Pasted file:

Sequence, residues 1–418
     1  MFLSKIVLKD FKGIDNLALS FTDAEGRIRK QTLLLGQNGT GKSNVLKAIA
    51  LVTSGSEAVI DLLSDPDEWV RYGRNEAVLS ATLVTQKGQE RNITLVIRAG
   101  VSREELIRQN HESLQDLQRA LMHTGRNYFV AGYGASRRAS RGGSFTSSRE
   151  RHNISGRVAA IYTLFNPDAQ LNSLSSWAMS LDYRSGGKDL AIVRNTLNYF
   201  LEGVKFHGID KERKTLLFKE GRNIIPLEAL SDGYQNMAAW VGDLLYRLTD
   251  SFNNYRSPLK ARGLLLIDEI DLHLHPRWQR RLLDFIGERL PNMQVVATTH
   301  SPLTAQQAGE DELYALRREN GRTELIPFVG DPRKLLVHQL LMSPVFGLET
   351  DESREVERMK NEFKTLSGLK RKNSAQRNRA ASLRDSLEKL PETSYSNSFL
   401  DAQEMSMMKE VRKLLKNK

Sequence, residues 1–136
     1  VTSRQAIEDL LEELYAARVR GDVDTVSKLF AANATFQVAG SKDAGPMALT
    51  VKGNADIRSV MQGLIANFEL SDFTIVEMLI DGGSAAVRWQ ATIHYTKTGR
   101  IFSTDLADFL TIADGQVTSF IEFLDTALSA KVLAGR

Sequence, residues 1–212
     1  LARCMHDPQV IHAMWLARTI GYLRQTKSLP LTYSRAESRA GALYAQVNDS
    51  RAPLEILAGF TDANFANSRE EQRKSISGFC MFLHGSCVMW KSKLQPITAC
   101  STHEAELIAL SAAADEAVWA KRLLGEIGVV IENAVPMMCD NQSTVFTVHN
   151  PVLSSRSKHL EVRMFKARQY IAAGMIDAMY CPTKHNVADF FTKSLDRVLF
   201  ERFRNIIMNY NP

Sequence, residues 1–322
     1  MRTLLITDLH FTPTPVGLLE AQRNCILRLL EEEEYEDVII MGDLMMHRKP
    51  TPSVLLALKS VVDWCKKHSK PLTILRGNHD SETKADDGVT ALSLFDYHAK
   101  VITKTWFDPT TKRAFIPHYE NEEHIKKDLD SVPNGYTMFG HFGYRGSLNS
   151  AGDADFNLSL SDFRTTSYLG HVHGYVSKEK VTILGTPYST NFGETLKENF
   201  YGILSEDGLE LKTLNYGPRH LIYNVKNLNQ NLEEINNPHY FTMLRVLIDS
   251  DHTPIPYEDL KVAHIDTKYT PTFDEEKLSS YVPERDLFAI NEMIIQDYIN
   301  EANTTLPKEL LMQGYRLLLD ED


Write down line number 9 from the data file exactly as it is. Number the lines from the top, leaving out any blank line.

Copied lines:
   351  DESREVERMK NEFKTLSGLK RKNSAQRNRA ASLRDSLEKL PETSYSNSFL